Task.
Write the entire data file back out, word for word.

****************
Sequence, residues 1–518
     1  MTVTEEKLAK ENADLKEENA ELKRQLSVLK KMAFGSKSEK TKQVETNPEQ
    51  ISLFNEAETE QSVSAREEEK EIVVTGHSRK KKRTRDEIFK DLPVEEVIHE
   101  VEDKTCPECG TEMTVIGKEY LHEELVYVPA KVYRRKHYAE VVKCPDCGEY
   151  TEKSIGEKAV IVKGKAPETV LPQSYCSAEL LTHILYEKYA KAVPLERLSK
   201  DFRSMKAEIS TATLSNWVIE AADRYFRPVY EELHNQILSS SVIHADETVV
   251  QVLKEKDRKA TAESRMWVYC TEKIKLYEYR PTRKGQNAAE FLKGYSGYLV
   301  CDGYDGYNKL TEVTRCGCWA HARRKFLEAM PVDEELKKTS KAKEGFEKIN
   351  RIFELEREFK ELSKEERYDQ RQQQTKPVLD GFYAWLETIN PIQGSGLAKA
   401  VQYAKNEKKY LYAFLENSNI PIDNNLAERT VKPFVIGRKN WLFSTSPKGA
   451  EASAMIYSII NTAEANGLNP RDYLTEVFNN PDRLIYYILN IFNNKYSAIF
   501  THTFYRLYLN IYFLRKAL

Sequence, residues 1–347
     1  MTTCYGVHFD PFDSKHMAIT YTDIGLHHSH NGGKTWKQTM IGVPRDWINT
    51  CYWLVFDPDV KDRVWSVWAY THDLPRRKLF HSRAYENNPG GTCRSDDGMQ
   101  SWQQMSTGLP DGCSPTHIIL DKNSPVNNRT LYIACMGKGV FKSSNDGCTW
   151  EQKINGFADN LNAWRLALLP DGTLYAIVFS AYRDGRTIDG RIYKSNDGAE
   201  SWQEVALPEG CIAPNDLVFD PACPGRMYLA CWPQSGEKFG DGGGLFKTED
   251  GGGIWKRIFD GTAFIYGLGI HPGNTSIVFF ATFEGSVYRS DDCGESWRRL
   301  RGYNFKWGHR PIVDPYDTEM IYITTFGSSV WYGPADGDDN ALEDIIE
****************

Sequence, residues 1–518
     1  MTVTEEKLAK ENADLKEENA ELKRQLSVLK KMAFGSKSEK TKQVETNPEQ
    51  ISLFNEAETE QSVSAREEEK EIVVTGHSRK KKRTRDEIFK DLPVEEVIHE
   101  VEDKTCPECG TEMTVIGKEY LHEELVYVPA KVYRRKHYAE VVKCPDCGEY
   151  TEKSIGEKAV IVKGKAPETV LPQSYCSAEL LTHILYEKYA KAVPLERLSK
   201  DFRSMKAEIS TATLSNWVIE AADRYFRPVY EELHNQILSS SVIHADETVV
   251  QVLKEKDRKA TAESRMWVYC TEKIKLYEYR PTRKGQNAAE FLKGYSGYLV
   301  CDGYDGYNKL TEVTRCGCWA HARRKFLEAM PVDEELKKTS KAKEGFEKIN
   351  RIFELEREFK ELSKEERYDQ RQQQTKPVLD GFYAWLETIN PIQGSGLAKA
   401  VQYAKNEKKY LYAFLENSNI PIDNNLAERT VKPFVIGRKN WLFSTSPKGA
   451  EASAMIYSII NTAEANGLNP RDYLTEVFNN PDRLIYYILN IFNNKYSAIF
   501  THTFYRLYLN IYFLRKAL

Sequence, residues 1–347
     1  MTTCYGVHFD PFDSKHMAIT YTDIGLHHSH NGGKTWKQTM IGVPRDWINT
    51  CYWLVFDPDV KDRVWSVWAY THDLPRRKLF HSRAYENNPG GTCRSDDGMQ
   101  SWQQMSTGLP DGCSPTHIIL DKNSPVNNRT LYIACMGKGV FKSSNDGCTW
   151  EQKINGFADN LNAWRLALLP DGTLYAIVFS AYRDGRTIDG RIYKSNDGAE
   201  SWQEVALPEG CIAPNDLVFD PACPGRMYLA CWPQSGEKFG DGGGLFKTED
   251  GGGIWKRIFD GTAFIYGLGI HPGNTSIVFF ATFEGSVYRS DDCGESWRRL
   301  RGYNFKWGHR PIVDPYDTEM IYITTFGSSV WYGPADGDDN ALEDIIE